More than 1,500 New Yorkers gathered today in Manhattan to mourn the death of a 32 year-old gay man, who was shot down on Friday just blocks away from the historic Stonewall Inn in an apparent act of anti-gay bias.
"Trans Bodies, Trans Selves," a New Resource Guide, Seeks Submissions
Micha Cardenas is an artist/theorist and a PhD student in Media Arts and Practice at the University of Southern California. Her recent publications include Trans Desire/Affective Cyborgs, with Barbara Fornssler, from Atropos Press, “I am Transreal,” in Gender Outlaws: The Next Generation from Seal Press, “Becoming Dragon: A Transversal Technology Study,” in Code Drift from CTheory and “virus.circus.mem,” with Elle Mehrmand in the Speculative Exhibition Catalog. You can follow her on Twitter at @michacardenas or on her website, http://transreal.org. Here, Micha discusses the significance of the forthcoming book Trans Bodies, Trans Selves, to which she is a contributor.
"Our Bodies, Ourselves" Original Cover (from www.amazon.com)
Women marching, hands in the air holding a protest sign reading “Women Unite,” are the images on the original cover of the book Our Bodies, Ourselves. I first saw this cover in Los Angeles-based artist Joanne Mitchell’s artwork, “Our Bodies, Ourselves – the book I mean,” in a show we were both in at the I-5 gallery. Her work visualized the changes in the book across decades of its publication. The original book was a ‘zine published in 1970 by the Boston Women’s Health Book Collective as a radical gesture of empowering women to learn about the care of their own bodies. Throughout the years, this original cover image shrank, was moved off to the side, and was eventually replaced with an image representing a diversity of races, ethnicities and ages, smiling, reflecting a different set of priorities and strategies including addressing the historical exclusion of women of color from earlier feminist movements.
I recall this shift now as I think of the importance of the historic publication Trans Bodies, Trans Selves (TBTS). I do so not to criticize the choices made in the evolution of the historic work from which TBTS takes its inspiration, but to recall the radical spirit that initially inspired Our Bodies, Ourselves. In the video portion of Mitchell’s artwork, many women speak of the deep significance of Our Bodies, Ourselves to their own lives, sense of empowerment and relationships to their bodies. I am deeply inspired by this possibility for TBTS, to move the state of transgender health care forward, to provide a meaningful anthology of writing on transgender health care that will be widely accessible and provide people with a trustworthy source of information.
The first time I saw an endocrinologist, in San Diego, the first words the doctor said to me were, “You probably know more about this than me.” At the time, I understood the doctor’s gesture as a transphobic way to distance himself from my situation, as well as an admission – he went on to say he had only ever had one other transgender patient. Today, I also understand his statement as an honest one that indicates the state of transgender health care. First, authoritative knowledge is difficult to come by, as medical records still often only indicate male or female, and thus, few statistics on transgender people exist. Second, medical companies do little to no testing of their products for transgender applications, meaning that many medications transgender people commonly use were actually developed for other purposes, such as to treat menopause. Third, we cannot discount the power of horizontal knowledge production and online community building in the transgender community, as people often share their personal stories online. This often fills the gap left by healthcare professionals, but without the certainty that such anecdotal knowledge is medically sound.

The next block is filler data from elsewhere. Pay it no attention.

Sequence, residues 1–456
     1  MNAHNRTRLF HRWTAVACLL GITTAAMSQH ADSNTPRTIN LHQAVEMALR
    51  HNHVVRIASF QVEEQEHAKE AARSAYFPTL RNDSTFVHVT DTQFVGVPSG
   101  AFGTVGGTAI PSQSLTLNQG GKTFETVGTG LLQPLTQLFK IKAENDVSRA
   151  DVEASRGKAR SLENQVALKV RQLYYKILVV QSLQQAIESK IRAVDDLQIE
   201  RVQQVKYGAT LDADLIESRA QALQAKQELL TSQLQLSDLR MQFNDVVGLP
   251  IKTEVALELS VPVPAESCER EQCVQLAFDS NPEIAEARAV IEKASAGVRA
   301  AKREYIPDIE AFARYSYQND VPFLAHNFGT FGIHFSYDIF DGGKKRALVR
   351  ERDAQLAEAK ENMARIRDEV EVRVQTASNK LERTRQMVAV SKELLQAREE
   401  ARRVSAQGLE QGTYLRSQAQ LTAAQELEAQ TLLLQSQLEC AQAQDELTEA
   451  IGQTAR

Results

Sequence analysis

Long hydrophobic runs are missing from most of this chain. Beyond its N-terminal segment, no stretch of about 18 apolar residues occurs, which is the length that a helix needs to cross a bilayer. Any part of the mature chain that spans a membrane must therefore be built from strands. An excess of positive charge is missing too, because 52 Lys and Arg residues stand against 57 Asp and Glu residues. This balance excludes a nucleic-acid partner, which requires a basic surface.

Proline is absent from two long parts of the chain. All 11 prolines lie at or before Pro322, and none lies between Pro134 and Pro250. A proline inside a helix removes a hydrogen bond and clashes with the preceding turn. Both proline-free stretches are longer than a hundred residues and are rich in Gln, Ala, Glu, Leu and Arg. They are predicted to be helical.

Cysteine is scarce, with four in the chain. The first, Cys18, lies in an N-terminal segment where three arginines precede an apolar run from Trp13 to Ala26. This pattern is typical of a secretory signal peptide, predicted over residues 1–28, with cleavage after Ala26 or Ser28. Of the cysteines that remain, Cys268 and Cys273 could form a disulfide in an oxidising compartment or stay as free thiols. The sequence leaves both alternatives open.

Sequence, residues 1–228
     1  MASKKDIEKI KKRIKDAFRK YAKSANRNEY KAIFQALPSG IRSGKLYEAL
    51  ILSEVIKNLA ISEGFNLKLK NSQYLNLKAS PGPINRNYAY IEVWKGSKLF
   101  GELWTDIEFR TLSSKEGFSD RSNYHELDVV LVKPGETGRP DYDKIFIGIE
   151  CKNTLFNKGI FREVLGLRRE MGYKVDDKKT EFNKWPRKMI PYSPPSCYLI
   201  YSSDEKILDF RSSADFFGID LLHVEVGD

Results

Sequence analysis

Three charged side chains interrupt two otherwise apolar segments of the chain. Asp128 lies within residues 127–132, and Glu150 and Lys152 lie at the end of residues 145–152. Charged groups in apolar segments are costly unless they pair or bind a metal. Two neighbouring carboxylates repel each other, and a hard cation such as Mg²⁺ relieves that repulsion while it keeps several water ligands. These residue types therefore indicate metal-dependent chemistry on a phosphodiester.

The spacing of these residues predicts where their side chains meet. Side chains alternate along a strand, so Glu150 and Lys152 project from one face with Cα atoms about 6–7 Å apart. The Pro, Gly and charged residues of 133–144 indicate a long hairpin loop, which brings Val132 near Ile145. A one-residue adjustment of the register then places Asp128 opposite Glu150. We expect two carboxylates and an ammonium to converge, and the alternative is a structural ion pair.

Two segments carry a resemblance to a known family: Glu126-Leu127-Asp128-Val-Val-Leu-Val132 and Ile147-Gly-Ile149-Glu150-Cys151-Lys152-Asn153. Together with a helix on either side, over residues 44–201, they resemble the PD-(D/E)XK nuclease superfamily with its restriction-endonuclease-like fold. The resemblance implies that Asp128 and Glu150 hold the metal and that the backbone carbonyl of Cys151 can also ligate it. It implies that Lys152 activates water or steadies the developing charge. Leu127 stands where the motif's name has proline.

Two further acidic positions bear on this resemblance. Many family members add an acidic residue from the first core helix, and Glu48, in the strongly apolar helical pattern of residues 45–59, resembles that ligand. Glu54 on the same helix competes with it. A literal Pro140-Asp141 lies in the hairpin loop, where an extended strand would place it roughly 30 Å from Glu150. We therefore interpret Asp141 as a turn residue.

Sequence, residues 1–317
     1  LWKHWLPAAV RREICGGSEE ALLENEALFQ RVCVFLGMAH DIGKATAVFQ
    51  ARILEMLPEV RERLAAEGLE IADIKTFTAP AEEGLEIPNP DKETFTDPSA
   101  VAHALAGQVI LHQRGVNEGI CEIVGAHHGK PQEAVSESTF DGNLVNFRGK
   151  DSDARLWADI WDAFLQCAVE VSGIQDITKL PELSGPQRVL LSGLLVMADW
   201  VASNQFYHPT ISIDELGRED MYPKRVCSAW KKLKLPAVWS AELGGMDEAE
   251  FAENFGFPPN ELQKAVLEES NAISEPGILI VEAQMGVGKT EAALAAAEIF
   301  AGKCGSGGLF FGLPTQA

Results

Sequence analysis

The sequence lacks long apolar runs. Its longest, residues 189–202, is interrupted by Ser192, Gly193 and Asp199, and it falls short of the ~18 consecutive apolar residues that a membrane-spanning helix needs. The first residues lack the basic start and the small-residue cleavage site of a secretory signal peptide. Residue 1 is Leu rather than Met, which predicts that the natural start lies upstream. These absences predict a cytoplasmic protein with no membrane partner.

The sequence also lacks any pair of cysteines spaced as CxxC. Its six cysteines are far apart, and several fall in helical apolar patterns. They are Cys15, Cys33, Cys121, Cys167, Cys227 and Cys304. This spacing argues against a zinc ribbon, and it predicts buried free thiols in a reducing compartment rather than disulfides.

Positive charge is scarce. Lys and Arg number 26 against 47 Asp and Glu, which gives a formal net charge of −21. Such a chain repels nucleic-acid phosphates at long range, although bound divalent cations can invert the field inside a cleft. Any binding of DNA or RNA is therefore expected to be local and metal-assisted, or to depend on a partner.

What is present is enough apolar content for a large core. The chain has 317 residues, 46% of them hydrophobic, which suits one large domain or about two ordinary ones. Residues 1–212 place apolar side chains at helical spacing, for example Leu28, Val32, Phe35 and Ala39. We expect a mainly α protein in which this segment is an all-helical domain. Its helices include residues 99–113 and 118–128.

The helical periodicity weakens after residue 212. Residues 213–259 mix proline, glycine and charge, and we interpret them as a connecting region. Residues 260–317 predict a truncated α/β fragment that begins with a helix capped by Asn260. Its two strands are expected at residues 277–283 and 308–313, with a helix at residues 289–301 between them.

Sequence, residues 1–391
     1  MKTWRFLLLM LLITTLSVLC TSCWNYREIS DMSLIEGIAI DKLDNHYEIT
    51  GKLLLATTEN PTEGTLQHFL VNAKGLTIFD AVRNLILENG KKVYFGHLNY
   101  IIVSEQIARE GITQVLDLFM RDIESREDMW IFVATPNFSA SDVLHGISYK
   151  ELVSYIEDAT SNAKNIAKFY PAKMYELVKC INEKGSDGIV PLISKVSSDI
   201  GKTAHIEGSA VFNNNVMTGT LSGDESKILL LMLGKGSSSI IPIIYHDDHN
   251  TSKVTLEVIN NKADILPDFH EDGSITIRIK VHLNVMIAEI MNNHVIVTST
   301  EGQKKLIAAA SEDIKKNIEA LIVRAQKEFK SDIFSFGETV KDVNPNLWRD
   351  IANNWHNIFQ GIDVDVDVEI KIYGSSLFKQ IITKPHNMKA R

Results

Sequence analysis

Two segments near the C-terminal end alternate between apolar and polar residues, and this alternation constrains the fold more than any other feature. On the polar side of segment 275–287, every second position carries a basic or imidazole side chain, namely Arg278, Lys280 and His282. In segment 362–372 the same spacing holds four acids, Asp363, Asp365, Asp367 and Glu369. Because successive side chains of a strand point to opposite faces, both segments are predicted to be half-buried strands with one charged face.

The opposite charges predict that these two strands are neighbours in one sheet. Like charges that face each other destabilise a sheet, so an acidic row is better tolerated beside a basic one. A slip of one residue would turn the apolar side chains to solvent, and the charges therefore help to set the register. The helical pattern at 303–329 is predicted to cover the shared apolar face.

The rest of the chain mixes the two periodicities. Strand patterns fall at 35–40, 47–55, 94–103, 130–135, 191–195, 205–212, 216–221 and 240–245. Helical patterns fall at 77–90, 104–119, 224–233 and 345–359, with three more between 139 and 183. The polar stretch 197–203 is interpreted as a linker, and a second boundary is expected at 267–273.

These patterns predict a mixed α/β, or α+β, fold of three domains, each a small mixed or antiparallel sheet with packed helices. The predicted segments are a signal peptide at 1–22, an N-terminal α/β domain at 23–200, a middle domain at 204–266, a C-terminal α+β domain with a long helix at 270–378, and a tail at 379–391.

Today, I am happy to say that the number of trans doctors treating trans people is increasing. I now regularly see a trans woman doctor who has extensive experience treating a broad range of trans people for my hormone treatment. Going to her has literally changed my life so much, for the better. She is also a contributor to TBTS, another reason I am so honored and proud to participate in this project. Still, as I work towards getting surgery, I fully acknowledge that my path of seeing doctors and taking hormones is my decision, and there are as many ways of being a healthy, happy trans person as there are people. I hope that TBTS can help people make their decisions about health care more safely and lead to a stronger, more joyful, more autonomous community of people who choose to step outside of the gender borders they were assigned at birth. While unity may not be our goal, I imagine that many of us would love to see the broad societal changes that the feminist movement has effected throughout the world take place in a similar way for trans people.
Trans Bodies, Trans Selves is one small part of the network of movements working to achieve that change. This book will exist in a network of resources already available to transgender people, from YouTube videos, to loving supportive partners and allies, to local clinics, to online PDF libraries, to numerous online forums.
This month the United States Supreme Court will issue decisions on two cases critical to marriage equality. GLAAD is working with media outlets and couples around the country to push for marriage. Follow GLAAD for up to date news about the Supreme Court's decision at www.glaad.org/marriage